Our Constitution offers us “life, liberty and the pursuit of happiness,” but we can’t pursue anything if we are unhealthy. Yet, health disparities in the United States are a fact of life. African Americans have shorter lives than whites for three reasons. One has to do with income and poverty. Poor people [27 percent of African Americans are poor, compared to about 10 percent of whites] have less money and less access, often having to make a choice between medical treatment, food to eat, prescription drugs and rent.

The second barrier to health equality is proximity and access. In other words, African Americans are more likely to be located a distance from hospitals. There are fewer hospitals and clinics in the ’hood than in wealthier areas. And some preventative clinics (such as a diabetes clinic in Harlem) have been eliminated because of money. Another barrier to health access is simply attitudes. Those health providers who have racial and other attitudes choose to treat patients differently According to a study by the Institutes of Medicine (IOM), an African-American or Latino man who goes to an emergency room with a broken bone is less likely to get painkillers than a white man.

Part of this year’s presidential debate revolves around the issue of health care. Mitt Romney, the architect of Massachusetts’ health-care system that resembles the Obama health plan, is now jogging (at least that’s healthy) away from himself, rejecting plans he once championed. Or is he? Recently, he said he would preserve some aspects of Obamacare, not others. I am sure you have been asked to name three people, living or dead, you’d like to dine with. I’d like to dine with Mitt Romney and the truth – at the same time.

Those who understand health-care challenges understand that the world won’t be the way it was and our health-care system needs to be revised. President Obama, offering the first tweak in the social insurance contract in 80 years, has done so by passing health-care legislation that pushes the envelope. It’s not enough, but it is better than it has ever been.

Still, the system will be strained by the aging baby boomers, and challenged by the need to offer patient education and preventative services to prevent costly interventions. The uncoupling of employment and health insurance allows more people the opportunity to deal with their health. Thus, the health-care industry will be pushed to absorb people who are newly empowered to deal with their health.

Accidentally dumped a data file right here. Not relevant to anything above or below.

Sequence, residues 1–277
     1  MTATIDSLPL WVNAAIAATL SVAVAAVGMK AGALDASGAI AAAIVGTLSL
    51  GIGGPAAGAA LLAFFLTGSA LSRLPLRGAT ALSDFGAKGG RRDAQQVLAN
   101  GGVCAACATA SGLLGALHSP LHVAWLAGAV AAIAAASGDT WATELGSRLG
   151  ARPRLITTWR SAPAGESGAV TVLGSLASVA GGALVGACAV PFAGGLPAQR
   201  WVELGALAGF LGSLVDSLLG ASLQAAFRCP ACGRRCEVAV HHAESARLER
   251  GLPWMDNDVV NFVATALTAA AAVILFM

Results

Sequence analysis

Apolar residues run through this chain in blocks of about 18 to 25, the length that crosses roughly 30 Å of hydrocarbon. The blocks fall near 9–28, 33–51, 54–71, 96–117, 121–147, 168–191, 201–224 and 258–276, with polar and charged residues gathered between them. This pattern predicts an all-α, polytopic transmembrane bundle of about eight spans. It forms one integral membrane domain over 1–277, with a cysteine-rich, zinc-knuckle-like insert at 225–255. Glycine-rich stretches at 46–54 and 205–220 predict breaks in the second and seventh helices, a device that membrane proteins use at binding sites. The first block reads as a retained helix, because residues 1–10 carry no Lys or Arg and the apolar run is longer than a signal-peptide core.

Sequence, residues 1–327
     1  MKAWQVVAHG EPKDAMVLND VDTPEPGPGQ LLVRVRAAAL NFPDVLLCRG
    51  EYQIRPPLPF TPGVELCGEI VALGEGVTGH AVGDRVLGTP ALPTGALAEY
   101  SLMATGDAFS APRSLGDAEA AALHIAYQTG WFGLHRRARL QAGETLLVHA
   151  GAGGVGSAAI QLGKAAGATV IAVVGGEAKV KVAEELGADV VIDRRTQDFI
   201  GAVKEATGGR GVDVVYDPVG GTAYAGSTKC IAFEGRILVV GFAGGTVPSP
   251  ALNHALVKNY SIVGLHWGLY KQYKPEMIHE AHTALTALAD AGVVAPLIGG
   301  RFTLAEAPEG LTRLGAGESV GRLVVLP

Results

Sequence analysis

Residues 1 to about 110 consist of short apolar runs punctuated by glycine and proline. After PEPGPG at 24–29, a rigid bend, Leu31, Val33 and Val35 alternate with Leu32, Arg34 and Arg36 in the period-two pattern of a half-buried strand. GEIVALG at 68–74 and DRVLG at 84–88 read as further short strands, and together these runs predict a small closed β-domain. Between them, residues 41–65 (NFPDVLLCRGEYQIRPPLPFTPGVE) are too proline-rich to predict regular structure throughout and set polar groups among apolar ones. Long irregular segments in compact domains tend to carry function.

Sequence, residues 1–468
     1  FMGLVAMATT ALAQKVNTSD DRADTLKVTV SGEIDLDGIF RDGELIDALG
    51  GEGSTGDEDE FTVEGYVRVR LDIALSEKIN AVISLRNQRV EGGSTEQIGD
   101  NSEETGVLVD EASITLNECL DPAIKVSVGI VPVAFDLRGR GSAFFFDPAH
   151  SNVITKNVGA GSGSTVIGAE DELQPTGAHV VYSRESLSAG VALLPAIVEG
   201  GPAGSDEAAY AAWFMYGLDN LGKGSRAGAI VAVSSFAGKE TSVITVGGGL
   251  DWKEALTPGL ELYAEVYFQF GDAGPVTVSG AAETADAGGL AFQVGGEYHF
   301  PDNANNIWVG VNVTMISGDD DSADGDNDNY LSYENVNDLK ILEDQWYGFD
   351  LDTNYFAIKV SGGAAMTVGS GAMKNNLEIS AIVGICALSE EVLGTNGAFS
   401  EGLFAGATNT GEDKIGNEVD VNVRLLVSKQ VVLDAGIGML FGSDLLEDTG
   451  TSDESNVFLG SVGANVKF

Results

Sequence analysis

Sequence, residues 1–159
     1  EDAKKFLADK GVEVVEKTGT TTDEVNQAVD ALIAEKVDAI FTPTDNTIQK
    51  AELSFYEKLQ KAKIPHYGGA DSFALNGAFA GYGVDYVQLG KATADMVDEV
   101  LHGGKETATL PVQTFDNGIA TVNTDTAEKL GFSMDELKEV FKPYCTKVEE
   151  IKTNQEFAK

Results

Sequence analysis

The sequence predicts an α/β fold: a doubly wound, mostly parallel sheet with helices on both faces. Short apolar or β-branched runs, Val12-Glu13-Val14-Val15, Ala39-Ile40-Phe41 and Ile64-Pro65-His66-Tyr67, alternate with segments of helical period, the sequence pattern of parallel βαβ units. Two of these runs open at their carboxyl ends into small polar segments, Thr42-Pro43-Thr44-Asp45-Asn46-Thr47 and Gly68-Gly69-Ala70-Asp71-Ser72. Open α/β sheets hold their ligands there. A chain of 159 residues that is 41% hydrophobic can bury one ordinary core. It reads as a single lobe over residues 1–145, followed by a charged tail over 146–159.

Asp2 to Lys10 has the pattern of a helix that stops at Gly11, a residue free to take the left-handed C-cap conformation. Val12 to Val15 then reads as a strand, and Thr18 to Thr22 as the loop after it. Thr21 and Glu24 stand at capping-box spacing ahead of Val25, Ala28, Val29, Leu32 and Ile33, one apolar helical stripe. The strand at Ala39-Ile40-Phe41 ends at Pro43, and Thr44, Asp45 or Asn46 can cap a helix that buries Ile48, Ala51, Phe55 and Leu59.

Too many folks ignore their health because they have few options. I spent last weekend in the Mississippi Delta: in Cleveland, Mound Bayou and Ruleville. I traveled there with members of the Sojourner Truth Statue Committee, under the direction of Pat Reid-Merritt, the Richard Stockton University Distinguished Professor who led the national committee. We had the pleasure of offering a statue of Fannie Lou Hamer to the Ruleville community in the peaceful garden where Fannie Lou Hamer and her husband “Pap” are buried. There are so many reasons that the moment was moving, especially the presence of hundreds of children who joined the celebration.

Fannie Lou Hamer, an international treasure, a tribute to audacity, a woman who endured a brutal beating because she exercised her right to register and vote, died at 60 from untreated breast cancer. This woman climbed every mountain, cleared every hurdle, stood down the biggest and the baddest in the majority community and in her own. Still, she did not have access to the health care that might have saved her life. She could stare down the Democratic National Committee on national television, but she could not stare down the breast cancer that killed her because she neither had the dollars nor the access to treatment.

Fannie Lou Hamer died in 1977 at the age 60. Imagine what we might be as a community had she been able to live to 80, or to 90. She might have been able to shape and influence our movements, offer advice and influence, keep the Democratic Party accountable, and perhaps explore independent politics and the ways Republicans might be engaged in the struggle for freedom.

We don’t know what she would have done, but we know that she died too early  That’s why I believe that health care is a civil right. If we have the right to a life with liberty and the pursuit of happiness, we have the right to be healthy enough to pursue happiness. The fight for the presidency is partly a fight for the pursuit of health and happiness. Which candidate supports the 47 percent in this fight? – (NNPA)


Julianne Malveaux is a Washington, D.C.-based economist and writer.  She is president emerita of Bennett College for Women in Greensboro, N.C.

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